I’m not so sure this is an indictment of free love and the sexual politics of the 70s as it is more or less simply presenting the pros and cons. In all honesty most of the couples in the commune stay fairly faithful to one another with the exception of Erik – and it must be said that Anna paved the way for that in many ways. Judging Erik by standards that are 40 years after the period depicted here isn’t really fair but by our standards he’s quite the jerk.

The performances here are top-notch; most of the actors are not well-known in the U.S. with the exception of Fares and to a lesser extent Thomsen. The prize though goes to Dyrholm who goes from a strong and confident woman to an absolute mess by the end of the film. Badly shaken not so much by Erik’s infidelity – I think she could have handled an affair so long as Erik still loved her but once it became a case where Erik loved Emma and not Anna she was absolutely destroyed.

The director manages to get the era right between the colloquialisms, the products and the overall attitude. The cinematography is a little bit on the washed out side for exterior day shots (and underlit for night shots both inside and out) which also gives the film a look of a film made in that era.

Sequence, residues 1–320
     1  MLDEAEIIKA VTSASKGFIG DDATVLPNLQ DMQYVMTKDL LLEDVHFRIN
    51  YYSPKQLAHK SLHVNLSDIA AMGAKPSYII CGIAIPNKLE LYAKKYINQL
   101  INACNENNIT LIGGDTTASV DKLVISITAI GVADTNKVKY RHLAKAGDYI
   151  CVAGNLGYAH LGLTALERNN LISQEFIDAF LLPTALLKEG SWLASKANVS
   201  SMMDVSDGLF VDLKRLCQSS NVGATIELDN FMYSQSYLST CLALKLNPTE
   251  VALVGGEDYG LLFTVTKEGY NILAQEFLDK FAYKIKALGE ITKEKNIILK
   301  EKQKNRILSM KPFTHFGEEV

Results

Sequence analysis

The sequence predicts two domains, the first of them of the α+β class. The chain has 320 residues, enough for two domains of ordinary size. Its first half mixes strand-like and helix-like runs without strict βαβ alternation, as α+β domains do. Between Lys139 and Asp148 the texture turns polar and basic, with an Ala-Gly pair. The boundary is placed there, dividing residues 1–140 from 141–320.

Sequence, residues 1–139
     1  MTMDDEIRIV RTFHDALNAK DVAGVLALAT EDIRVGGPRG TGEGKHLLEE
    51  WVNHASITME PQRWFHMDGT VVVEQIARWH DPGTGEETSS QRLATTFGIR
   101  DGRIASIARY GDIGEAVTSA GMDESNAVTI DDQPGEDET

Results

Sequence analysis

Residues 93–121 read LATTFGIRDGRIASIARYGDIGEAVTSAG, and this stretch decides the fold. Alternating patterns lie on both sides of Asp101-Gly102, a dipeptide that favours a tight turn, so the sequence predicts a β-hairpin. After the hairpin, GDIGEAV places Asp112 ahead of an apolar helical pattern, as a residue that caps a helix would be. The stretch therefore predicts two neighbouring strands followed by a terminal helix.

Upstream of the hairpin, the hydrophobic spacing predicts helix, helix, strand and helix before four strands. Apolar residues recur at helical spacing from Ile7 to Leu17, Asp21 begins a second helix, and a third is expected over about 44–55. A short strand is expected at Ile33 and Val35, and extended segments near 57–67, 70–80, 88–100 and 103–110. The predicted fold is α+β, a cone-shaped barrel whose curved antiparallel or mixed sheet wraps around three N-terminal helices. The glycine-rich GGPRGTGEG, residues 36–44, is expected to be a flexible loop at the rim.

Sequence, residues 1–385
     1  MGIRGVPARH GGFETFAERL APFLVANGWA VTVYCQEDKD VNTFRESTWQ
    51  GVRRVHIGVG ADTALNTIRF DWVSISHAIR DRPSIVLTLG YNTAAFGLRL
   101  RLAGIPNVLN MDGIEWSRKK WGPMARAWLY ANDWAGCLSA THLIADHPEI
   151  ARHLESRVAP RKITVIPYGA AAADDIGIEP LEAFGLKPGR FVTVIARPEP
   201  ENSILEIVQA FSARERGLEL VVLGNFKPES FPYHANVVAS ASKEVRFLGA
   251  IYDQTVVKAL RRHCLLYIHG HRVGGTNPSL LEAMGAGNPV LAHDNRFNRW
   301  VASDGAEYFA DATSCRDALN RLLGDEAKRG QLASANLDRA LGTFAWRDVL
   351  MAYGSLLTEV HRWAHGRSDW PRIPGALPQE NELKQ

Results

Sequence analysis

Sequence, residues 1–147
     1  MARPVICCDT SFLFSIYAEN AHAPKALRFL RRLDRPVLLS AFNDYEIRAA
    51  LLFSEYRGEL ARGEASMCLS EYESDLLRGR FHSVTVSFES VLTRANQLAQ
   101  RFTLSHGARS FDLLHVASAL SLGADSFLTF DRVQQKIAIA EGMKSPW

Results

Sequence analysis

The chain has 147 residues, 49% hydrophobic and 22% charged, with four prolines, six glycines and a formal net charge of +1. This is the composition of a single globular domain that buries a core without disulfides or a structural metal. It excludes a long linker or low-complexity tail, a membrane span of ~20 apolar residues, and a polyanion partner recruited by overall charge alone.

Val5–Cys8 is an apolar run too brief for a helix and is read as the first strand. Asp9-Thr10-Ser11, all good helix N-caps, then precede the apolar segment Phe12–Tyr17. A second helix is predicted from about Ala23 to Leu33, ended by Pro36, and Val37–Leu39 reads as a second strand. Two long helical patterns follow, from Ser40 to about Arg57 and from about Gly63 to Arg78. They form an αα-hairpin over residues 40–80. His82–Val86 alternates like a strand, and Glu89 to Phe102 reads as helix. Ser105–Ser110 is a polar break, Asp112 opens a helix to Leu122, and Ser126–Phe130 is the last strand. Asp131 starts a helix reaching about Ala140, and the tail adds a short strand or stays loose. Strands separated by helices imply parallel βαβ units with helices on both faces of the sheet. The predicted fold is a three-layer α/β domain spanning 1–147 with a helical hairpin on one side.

Despite the pathos and drama (and there’s a lot of the latter) there is some comedy as well that comes up at unexpected times. The Danish have a very quirky sense of humor and it shows here when its needed. What’s not needed is some of the pretentious dialogue – and I realize back in that decade people tended to talk like walking manifestos – and especially the soap opera aspects of the film which are also many. That detracts from a film which most of the rest of the way is serious and fascinating.

Still, human relationships are tricky things whether you’re talking about the 70s or the 2010s. We are complicated little monkeys and we do things sometimes that make no logical sense. It is said that being alone is perfection – you make all your decisions and do as you please when you please. Two is a compromise and three is a disaster. The more people you put at the same table, the more complex things get.